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Forces beyond New Zealand control will continue to wreak havoc on the NZ dollar. the key to surviving 2011 is to get as many natural hedges as possible, then hedge a little.

By Bob Edlin

The NZ dollar’s year started in the shadow of the global financial crisis, which was still adversely affecting some of the powerhouse economies.

It ended stronger against the euro, the pound and the US dollar, but a bit weaker against the Australian dollar.

Bancorp treasury economist Peter Cavanagh says the past 12 months has been “a mixed bag”.

Imbalances in Europe have been destabilising: some economies (such as Germany) have been strong; some (Greece and Ireland) have been cot cases. The cot cases had a huge influence on sentiment early in the year, when global risk-aversion induced a sharp fall in the NZ dollar.

The focus later shifted to the US and its quantitative easing (jargon for printing money) to stimulate a flagging economy. The US dollar depreciated rapidly.

The big shift during the year was the cementing of China as a global power. Its economy continued to boom and it was prepared to pay well for commodities.

The Australian and NZ dollars were lifted on its coat-tails.


HiFX trading manager Mike Hollows says interest rates, commodity prices, sovereign risk “and all sorts of things” that have weighed on the currency are beyond New Zealand’s control.

But the NZ dollar was not immune to nasty domestic surprises. It was beaten down in mid-November by the kiwifruit PSA outbreak and by Standard & Poor’s revision of its outlook on New Zealand’s credit rating. This volatility makes it hard for exporters to decide what do with their currency policies. Our soft commodities are still holding up well, says Hollows, and if you are a

commodity exporter, broadly you are being protected from the appreciating NZ dollar by the rising prices of exports priced in US dollars.

For a manufacturer without an offsetting hedge, however, “that’s a tough one”.


The outlook is uncertain and “you’ve got to have a view on Europe, on China, and on the US”. The key will be how quickly the US gets out of the mire with its quantitative easing and at what point the US dollar can make a meaningful recovery.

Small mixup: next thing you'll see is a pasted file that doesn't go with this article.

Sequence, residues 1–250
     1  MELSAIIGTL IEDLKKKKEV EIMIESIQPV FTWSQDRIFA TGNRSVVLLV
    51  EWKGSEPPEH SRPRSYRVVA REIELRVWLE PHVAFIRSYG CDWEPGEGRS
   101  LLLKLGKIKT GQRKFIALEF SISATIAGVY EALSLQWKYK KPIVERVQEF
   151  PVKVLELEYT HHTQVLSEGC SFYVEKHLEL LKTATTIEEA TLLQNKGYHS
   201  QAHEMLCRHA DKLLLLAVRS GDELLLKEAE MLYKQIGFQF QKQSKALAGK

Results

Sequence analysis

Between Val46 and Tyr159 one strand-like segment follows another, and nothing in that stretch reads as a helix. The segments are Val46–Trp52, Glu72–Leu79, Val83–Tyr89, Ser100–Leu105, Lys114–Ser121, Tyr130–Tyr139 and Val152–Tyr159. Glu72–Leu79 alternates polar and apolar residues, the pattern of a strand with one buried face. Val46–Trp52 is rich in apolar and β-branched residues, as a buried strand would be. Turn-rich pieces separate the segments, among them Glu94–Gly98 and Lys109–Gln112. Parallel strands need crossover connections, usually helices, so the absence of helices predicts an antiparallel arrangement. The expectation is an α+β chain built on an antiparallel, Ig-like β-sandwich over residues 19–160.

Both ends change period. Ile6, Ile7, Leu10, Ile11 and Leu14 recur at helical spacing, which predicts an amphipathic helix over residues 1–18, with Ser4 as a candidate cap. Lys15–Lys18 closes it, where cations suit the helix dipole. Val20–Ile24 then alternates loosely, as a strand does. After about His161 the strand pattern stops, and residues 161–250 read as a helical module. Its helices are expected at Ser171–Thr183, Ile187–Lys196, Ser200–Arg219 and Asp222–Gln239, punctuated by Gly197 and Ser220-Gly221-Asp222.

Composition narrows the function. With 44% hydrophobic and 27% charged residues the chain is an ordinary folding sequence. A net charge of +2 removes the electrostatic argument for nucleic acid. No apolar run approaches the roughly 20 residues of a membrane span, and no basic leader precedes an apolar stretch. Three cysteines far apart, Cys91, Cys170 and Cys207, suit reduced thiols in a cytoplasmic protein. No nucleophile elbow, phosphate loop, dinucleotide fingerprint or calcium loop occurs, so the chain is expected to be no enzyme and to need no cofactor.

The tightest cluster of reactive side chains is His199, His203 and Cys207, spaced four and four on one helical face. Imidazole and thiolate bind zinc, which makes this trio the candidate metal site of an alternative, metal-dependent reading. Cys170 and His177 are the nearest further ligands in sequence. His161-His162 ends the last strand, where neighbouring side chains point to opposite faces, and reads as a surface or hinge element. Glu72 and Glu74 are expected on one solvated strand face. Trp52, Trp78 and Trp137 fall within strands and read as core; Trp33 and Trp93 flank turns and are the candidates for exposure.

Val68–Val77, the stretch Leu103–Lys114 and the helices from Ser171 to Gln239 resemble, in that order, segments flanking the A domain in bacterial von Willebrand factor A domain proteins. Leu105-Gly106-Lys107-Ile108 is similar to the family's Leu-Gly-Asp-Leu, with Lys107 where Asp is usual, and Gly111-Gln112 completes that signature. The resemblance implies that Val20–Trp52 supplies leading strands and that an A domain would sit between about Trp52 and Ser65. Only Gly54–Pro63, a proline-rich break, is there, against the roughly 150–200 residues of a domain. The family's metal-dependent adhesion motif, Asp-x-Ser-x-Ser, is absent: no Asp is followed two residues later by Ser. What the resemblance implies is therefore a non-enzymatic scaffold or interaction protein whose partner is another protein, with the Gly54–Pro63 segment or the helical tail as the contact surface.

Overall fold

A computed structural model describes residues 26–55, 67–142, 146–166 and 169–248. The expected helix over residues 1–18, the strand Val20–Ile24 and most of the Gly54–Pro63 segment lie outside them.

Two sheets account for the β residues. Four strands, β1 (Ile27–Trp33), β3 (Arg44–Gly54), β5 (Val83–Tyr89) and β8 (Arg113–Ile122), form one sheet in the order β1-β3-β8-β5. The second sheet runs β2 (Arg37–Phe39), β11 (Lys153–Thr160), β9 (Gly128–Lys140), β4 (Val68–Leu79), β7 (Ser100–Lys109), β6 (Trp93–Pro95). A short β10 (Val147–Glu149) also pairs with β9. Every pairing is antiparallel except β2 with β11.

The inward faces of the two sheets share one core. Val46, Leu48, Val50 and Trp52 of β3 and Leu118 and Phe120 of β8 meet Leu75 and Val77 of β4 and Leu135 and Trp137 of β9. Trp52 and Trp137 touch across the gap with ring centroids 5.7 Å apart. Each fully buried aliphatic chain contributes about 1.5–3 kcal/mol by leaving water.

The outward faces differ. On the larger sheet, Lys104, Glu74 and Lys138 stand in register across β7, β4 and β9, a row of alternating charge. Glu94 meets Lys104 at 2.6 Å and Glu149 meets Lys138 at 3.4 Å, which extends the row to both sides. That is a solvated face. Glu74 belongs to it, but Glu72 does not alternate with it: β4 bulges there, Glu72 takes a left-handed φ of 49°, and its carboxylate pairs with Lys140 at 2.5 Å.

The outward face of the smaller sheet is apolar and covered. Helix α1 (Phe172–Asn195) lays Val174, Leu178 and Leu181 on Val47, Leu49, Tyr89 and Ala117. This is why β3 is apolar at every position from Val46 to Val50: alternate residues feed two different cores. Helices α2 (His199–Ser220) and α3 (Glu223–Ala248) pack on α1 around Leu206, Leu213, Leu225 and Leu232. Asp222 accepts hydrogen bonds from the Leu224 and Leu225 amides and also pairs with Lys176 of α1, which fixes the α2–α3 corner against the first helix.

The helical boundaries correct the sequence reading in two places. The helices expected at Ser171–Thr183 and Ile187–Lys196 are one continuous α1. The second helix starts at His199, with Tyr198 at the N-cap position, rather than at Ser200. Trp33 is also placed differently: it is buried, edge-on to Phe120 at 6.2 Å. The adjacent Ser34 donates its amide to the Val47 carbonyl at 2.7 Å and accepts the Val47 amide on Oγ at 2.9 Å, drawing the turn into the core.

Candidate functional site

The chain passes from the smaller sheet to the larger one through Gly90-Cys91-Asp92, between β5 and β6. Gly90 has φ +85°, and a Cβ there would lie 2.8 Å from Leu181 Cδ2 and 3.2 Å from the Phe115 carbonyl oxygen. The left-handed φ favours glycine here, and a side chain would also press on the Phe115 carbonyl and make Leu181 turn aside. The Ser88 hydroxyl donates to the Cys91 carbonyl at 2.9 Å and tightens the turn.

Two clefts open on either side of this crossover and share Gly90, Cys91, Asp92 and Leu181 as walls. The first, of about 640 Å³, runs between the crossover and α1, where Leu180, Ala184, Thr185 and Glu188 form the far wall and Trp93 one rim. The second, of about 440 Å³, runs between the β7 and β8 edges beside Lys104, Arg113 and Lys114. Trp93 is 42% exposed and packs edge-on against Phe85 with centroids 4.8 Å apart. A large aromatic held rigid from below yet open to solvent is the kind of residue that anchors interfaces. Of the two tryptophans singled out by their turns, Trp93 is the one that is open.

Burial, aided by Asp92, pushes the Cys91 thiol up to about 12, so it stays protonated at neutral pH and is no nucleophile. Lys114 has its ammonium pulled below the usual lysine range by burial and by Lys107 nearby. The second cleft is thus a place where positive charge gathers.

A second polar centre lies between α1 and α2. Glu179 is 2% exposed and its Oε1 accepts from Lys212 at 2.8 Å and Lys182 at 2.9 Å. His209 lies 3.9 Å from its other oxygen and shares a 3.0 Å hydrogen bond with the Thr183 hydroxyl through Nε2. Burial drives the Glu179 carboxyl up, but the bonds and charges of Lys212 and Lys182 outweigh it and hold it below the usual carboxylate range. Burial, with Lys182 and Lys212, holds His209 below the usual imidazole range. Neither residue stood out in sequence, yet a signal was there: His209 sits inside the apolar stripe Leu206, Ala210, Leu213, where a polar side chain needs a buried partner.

Cavanagh’s over-riding advice is not to base your hedging on currency forecasts. “It’s a matter of looking at yourself, making sure you’ve got the best possible understanding of your business, your markets and your customers,” he said.

NZ dollar movements against our major trading partners over the past year have had little to do with what’s happening in this country.

“So it’s important to identify, assess and manage what you can do.

“Make sure you have the right reporting systems and policies.”

Tony Alexander, chief economist at the BNZ, typically advises exporters (and importers) to base just 5 per cent of their hedging decisions on a currency forecast. “The rest should reflect your ability to naturally hedge, your cash flow and balance sheet sensitivity to exchange rate shock.

“And in this sort of environment I would probably drop that 5% to 1% because exchange rates now are extremely unpredictable.”

A raft of formidable uncertainties must be considered:

  • What will happen if the US maintains its quantitative easing? Hollows cautions it eventually might lead to trade controls and tariffs.
  • Will there be a currency war and – if so – what measures will non-US countries introduce to try and stop their currencies rising against the greenback?
  • What will be the currency effects of the fallout from the debt crisis in Europe and the weakness of the British economy compared with some European economies?
  • Will the Chinese allow their currency to revalue more rapidly against the US dollar? Cavanagh expects China to move at its own pace, “which won’t be at the pace wanted by the US or Europe”.
  • Will Asian economies generally introduce capital controls because money is coming out of the main currencies and going into the developing world where the economies are growing rapidly?
  • What other consequences will flow from the developing world’s growth far outpacing the developing world? For example, it puts upward pressure on the currencies of Brazil, India, China and the other Asian economies.
  • What interest rate differentials will develop and who will be the first to tighten monetary policy – the UK, Japan, Europe or the US?
  • What will come of worries about the US federal deficit? Without meaningful action to bring it under control, will investors keep buying US government debt?

Then there are the lesser currencies. South American economies, led by Brazil, have the potential to cause surprises in the year ahead.

“If the Brazilian economy, particularly, can keep growing at the pace it is growing, and if its government is prepared to ease up some of its exchange controls, the Brazilian real has the potential to be a worthy global currency,” says Cavanagh. [END]


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